“Being Mortal,” Atul Gawande’s fourth and latest book, explores how patients and doctors approach death. Instead of fighting for more time, he argues, doctors should fight to ensure that a patient’s last moments are spent in a meaningful way. However, in an age when it is never entirely clear when or if a patient will die, that has become increasingly difficult to do. Even patients themselves “confuse care with treatment.” Medical compassion, as Gawande proves in his book, is as important as medical competence. Gawande unsparingly writes of the process of senescence and the deterioration of the body and mind that accompanies it. He had to watch his own grandmother-inlaw painfully lose her autonomy. He watched his own father battle with a spinal tumor. He details the effects aging has had on American culture, such as the evolution of assisted living and the decline of the geriatric field. Doctors are more focused on “prolonging life,” a cold phrase Gawande once used when he was a physician inexperienced in talking to patients about death, instead of ensuring a patient’s well-being. As people age, they slowly lose their independence, a fact that Gawande portrays through heart-breaking anecdotes of people fighting for their autonomy, privacy, and desire to live. Medicine and technology may have gifted humans with extended lives, but they have taken away their quality of life. These stories are not easy to read, but amidst the bleakness, there is positivity in the avantgarde individuals who fight for better senior communities and for more individualized care. Different models of assisted living are featured heavily in the book, ones that not only fulfill the expectations of families, but also provide the old with a genuine home instead of a disguised prison. The latter portion of the book is concerned with terminal illnesses. It is a patient’s choice as to whether he or she wants to undergo treatment or experimental trials,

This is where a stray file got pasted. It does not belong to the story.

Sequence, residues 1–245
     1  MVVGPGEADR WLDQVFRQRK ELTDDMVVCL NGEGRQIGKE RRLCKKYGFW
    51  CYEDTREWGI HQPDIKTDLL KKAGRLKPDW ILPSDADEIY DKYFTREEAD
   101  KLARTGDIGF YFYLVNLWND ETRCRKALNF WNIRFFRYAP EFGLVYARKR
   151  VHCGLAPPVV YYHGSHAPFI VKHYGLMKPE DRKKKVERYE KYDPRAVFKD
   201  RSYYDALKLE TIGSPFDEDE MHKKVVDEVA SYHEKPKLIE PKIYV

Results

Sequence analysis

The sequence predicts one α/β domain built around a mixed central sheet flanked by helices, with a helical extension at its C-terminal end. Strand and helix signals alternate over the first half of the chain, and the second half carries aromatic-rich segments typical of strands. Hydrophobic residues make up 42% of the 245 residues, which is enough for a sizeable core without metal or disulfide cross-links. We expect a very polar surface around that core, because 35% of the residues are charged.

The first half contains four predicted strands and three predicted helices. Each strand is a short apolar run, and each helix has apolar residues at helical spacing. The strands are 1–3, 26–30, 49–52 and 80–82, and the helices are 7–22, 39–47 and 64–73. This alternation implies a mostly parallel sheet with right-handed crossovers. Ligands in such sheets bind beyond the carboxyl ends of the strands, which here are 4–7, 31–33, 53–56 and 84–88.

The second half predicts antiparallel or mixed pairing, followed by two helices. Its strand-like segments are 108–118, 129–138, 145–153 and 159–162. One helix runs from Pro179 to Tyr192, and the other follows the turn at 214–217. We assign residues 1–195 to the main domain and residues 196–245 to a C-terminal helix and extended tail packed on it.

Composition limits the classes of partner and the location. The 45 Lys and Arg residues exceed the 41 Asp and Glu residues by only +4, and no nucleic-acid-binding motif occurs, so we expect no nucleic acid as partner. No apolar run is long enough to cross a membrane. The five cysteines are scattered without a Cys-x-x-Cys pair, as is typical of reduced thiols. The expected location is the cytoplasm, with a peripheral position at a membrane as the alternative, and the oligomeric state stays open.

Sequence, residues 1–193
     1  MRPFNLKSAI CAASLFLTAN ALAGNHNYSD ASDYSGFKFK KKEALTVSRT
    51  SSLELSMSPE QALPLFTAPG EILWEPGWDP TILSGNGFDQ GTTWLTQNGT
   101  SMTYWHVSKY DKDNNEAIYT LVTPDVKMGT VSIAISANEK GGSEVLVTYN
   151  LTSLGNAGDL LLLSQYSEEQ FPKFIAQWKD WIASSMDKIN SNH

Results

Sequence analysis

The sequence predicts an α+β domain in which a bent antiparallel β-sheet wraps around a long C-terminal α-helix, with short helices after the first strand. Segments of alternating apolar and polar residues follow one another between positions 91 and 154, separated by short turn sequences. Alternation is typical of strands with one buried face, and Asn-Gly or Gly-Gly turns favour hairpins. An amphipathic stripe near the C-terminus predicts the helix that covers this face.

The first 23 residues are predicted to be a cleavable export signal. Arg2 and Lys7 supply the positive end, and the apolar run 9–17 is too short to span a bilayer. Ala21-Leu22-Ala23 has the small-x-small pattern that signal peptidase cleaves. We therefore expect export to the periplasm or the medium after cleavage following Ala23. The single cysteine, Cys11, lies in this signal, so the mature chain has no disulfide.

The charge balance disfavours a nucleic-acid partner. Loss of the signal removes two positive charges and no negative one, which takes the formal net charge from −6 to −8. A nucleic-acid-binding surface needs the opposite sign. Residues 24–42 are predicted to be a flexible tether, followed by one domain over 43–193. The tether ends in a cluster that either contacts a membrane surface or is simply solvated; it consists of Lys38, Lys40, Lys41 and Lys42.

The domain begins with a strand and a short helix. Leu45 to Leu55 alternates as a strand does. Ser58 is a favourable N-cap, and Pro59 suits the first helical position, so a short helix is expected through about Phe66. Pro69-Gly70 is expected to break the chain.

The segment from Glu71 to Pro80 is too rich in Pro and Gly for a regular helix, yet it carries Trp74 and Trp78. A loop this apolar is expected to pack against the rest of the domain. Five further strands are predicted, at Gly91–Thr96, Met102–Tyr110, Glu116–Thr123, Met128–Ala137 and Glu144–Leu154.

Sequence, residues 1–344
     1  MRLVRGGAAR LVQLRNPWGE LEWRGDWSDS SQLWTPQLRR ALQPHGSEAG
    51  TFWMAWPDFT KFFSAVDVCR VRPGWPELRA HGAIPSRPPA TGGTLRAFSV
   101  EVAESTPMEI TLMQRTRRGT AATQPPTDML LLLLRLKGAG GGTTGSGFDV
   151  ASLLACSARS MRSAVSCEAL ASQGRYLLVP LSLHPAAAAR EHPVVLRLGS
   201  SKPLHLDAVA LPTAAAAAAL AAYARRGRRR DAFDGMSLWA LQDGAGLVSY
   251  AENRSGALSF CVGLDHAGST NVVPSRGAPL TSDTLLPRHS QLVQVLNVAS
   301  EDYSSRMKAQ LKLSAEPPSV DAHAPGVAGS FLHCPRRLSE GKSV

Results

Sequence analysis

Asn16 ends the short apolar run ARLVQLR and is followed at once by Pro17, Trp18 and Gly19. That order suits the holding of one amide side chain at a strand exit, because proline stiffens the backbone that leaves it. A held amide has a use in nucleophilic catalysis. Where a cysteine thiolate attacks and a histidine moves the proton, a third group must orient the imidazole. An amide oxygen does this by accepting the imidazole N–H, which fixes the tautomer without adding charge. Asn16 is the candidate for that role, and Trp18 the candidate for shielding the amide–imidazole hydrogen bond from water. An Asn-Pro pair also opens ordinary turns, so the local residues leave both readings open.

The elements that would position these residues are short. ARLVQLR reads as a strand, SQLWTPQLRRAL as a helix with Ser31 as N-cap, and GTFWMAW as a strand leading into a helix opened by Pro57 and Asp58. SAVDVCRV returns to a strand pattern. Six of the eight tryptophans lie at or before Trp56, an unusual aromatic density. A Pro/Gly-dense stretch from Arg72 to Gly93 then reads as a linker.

but it is the doctor’s responsibility to provide an accurate estimate of the patient’s remaining time and the side effects they will experience. One of the patients Gawande writes about goes through rounds after rounds of treatment and ends up being a shell of her former self. To Gawande, the Netherlands euthanasia policy is a mistake; one does not have to sacrifice time to ensure a good death; one can have a good death and a good life. There is nothing that can prevent the body from decline, but “the sick and aged...have priorities beyond merely being safe and living longer.” There were several times throughout my reading of Being Mortal when I had to put it down because of how emotional and intimate the stories were, but I would highly recommend this book to anyone looking to pursue a career in the healthcare field. This book truly opened my eyes to the limitations of medicine, but it also showed me how much room there is for improvement, and it excites me to think that our current and future generations can be part of it.